As mentioned above, in the secondary school there are a number of large scale activities that encourage choice
within the learning experience. The Personal Project is one of these, where students felt they really had freedom of
choice as to what they covered. In talking to a group of Grade 11 students as they reflected on the Personal Project,
they recalled it as a very rewarding experience. One expressed that the only drawback to their experience was the
constrained format by which the Project had to be written up. In addition to the Project the school has begun a trial of
a concept called Big Room. This is a Thursday afternoon double period in which students have freedom to explore an
area of learning that meets their personal interest. It is in its early days and it was not an intentional decision to
provide time for personal areas of interest but was simply two lessons that did not have a lesson requirement
attached. The decision was made by leadership to provide it as free time for students to use as they wished, but then
became focused time for Personal Project. The second semester will hopefully provide learners with an opportunity to
explore their personal interests. There is evidence that students are using it to start some activities such as
awareness campaigns, but it appears to the leadership that so far, the uptake towards novel products of learning is
slow. At the time of writing there is no clear plan for how this program will develop or expand or how it will enhance
the learning experience. It wasn't clear to the Visiting Team if Big Room was going to remain an add-on event or not,
as there were no clear plans as to how the experiences from it could filter back to teachers and influence the
approach and design of learning.

In Grades 6-12 learners were largely observed as engaged in their learning and keen to succeed. The overwhelming
atmosphere within the student body is one of responsible learners responding to teacher direction. The Visiting Team
observed pockets of practice where students had a greater control over the direction of learning. This occurred most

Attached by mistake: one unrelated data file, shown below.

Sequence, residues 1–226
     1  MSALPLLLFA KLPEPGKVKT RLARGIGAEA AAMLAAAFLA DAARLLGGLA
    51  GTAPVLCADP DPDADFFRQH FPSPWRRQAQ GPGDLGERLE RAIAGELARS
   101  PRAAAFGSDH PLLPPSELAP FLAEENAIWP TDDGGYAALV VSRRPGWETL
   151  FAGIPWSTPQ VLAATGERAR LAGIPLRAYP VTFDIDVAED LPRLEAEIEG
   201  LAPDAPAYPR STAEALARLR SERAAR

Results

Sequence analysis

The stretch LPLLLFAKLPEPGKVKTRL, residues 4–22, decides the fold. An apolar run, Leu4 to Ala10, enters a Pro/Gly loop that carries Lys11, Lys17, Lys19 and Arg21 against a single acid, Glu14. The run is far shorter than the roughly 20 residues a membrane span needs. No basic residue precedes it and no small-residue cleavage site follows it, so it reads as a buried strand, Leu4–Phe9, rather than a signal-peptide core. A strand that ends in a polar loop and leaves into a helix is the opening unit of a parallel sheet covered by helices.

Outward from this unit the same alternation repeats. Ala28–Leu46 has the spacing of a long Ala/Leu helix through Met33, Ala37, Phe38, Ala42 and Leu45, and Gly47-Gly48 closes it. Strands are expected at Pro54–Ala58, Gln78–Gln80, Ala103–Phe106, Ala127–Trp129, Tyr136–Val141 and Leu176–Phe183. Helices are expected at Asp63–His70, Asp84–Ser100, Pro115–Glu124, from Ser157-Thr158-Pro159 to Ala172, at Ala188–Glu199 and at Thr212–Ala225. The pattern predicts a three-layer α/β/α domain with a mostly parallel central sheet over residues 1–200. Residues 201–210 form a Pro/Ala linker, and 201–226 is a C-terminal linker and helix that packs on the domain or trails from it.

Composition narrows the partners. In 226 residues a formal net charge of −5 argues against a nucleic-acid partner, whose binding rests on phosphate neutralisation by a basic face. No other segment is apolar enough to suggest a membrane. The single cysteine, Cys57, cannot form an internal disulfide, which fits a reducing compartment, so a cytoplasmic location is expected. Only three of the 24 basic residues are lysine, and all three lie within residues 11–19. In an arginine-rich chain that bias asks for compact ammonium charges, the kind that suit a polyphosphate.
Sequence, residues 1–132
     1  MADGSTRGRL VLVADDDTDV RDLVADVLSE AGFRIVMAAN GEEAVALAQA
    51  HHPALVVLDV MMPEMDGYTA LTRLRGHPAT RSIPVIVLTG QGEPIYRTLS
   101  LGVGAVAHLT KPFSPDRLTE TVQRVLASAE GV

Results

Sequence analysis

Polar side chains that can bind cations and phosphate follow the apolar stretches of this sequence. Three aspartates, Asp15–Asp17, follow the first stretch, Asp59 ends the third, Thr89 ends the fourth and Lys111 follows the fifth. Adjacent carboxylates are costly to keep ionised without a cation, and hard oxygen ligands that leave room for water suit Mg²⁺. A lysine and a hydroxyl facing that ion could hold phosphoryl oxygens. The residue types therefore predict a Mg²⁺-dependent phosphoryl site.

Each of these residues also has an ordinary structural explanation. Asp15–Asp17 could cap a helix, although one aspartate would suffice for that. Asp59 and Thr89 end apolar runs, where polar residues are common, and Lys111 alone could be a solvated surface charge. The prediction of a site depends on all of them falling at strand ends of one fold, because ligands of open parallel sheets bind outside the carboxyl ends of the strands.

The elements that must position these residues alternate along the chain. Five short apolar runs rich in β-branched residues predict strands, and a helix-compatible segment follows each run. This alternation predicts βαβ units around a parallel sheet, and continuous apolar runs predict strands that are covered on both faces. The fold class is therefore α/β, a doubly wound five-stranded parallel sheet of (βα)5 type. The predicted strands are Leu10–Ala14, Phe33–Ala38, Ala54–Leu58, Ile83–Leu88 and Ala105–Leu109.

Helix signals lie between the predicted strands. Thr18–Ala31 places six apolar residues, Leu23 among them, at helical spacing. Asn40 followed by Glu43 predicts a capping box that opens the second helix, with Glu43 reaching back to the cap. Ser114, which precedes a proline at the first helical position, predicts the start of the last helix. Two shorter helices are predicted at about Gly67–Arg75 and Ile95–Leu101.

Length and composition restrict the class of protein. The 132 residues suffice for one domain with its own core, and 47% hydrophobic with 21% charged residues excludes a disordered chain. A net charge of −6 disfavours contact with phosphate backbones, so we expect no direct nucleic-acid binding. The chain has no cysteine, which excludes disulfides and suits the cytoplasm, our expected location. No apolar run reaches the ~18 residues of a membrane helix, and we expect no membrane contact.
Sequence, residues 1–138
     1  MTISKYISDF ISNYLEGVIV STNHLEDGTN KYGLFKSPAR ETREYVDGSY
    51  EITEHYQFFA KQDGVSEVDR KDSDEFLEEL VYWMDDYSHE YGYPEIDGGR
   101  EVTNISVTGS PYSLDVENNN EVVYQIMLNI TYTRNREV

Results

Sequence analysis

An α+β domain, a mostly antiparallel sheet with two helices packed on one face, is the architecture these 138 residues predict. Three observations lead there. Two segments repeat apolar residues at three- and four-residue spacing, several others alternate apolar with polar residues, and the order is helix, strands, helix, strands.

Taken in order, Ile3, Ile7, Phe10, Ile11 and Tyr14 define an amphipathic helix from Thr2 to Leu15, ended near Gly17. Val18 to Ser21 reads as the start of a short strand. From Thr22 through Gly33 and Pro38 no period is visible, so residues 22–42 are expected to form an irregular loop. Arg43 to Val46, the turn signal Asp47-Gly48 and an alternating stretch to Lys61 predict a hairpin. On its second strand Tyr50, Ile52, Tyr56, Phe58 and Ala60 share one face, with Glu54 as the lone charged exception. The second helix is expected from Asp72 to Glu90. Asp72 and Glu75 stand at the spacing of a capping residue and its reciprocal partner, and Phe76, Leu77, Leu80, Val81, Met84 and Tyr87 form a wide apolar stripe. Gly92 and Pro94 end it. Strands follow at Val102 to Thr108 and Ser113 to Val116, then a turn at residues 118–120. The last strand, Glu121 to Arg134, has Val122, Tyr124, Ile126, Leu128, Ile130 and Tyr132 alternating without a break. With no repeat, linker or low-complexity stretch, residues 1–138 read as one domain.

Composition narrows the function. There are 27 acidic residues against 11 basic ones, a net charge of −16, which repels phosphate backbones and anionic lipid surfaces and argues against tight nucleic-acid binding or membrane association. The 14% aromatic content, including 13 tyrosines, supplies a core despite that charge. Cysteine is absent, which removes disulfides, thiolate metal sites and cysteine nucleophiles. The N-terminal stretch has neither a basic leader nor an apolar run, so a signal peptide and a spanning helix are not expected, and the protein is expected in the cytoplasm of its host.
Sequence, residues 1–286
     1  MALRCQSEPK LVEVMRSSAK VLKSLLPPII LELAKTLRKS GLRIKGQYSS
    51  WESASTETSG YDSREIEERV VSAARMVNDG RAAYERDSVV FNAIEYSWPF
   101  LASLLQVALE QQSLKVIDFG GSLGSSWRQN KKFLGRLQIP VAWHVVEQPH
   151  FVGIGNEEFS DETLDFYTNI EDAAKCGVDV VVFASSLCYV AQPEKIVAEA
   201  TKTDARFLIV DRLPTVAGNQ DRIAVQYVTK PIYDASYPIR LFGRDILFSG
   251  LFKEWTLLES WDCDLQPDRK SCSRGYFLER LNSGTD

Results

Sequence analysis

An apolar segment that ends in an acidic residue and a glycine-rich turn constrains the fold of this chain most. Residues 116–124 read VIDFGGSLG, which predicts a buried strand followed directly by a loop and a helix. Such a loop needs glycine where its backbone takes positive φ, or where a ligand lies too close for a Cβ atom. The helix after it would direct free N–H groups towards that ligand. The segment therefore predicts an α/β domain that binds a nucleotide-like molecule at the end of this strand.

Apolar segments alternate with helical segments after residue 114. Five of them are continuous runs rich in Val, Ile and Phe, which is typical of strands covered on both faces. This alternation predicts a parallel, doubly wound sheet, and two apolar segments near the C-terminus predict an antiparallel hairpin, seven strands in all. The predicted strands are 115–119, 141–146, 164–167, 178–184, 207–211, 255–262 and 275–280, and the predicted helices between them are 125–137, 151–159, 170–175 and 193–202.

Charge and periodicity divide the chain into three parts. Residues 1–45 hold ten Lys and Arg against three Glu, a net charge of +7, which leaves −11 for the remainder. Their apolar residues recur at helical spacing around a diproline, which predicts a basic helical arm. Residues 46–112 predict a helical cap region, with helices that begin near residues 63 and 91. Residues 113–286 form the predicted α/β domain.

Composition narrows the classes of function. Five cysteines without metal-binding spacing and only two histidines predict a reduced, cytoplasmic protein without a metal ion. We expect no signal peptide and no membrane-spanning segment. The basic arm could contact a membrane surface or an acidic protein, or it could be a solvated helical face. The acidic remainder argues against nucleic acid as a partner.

often in the primary school and in secondary, during the more traditionally artistic lessons. For example, in Grade 9
Drama learners not only presented their understandings on a topic but chose and lead the consequent learning
activity. In design class, learners were seen to be given complete freedom of choice in the seating designs that they
were making. In general, however, most lessons were observed to follow a set of sequential activities designed to
move the class on, as a whole, towards a single teacher defined outcome. In two situations, learners expressed
surprise when asked why they were doing a task. One group of eight girls expressed that tasks were given for the
purposes of completion and that they may or may not be relevant. For example, when asked why she was collecting
data on a country of her choosing (for a task on governance) a highly articulate Grade 8 student bluntly said that
'school was a series of learning things and that collecting data was an expected part of most tasks'. When pressed as
to whether she had considered why she was doing it, she admitted that she hadn't considered this because the
teacher at some point would either explain why it had to be been done or move on and she felt that questioning why
would be considered rude. In another example, two Grade 9 students expressed that school tasks were largely
irrelevant but needed to be done. Interestingly some Grade 10 learners understood that tasks were given in order to
prepare them for final assessments. They understood that staff had purpose for their activity, but it was only as they
came into grade 10 and the curriculum was more explicitly referenced, that they felt they understood the reasons for
some of the decisions made. This suggests that few learners know the reasons for their learning and have little
ownership of what it includes.

It is of concern to the Visiting Team that there appears to be little shared understanding or time planned to develop a
shared understanding, of how student agency could and should be employed within the learning experiences
provided in the secondary school. Perhaps this is a result of too little collaborative planning time which prohibits
shared understanding of pedagogical philosophy for ISP. Perhaps it is a result of teachers having an understanding
of teaching as being focused on delivering content and developing students' skills rather than on developing students'
abilities to take responsibility for their learning process and engaging them deeply in their own development while at
the same time presenting some required content and some content options. At present, it appears it is mostly the
teachers' responsibility to decide all things and students do what is presented to them in their mainstream classes,
rather than engaging with and understanding their process of learning. If the school community is to move forward on
this important Learning Principle, it is necessary for some significant time and effort be focused in this area.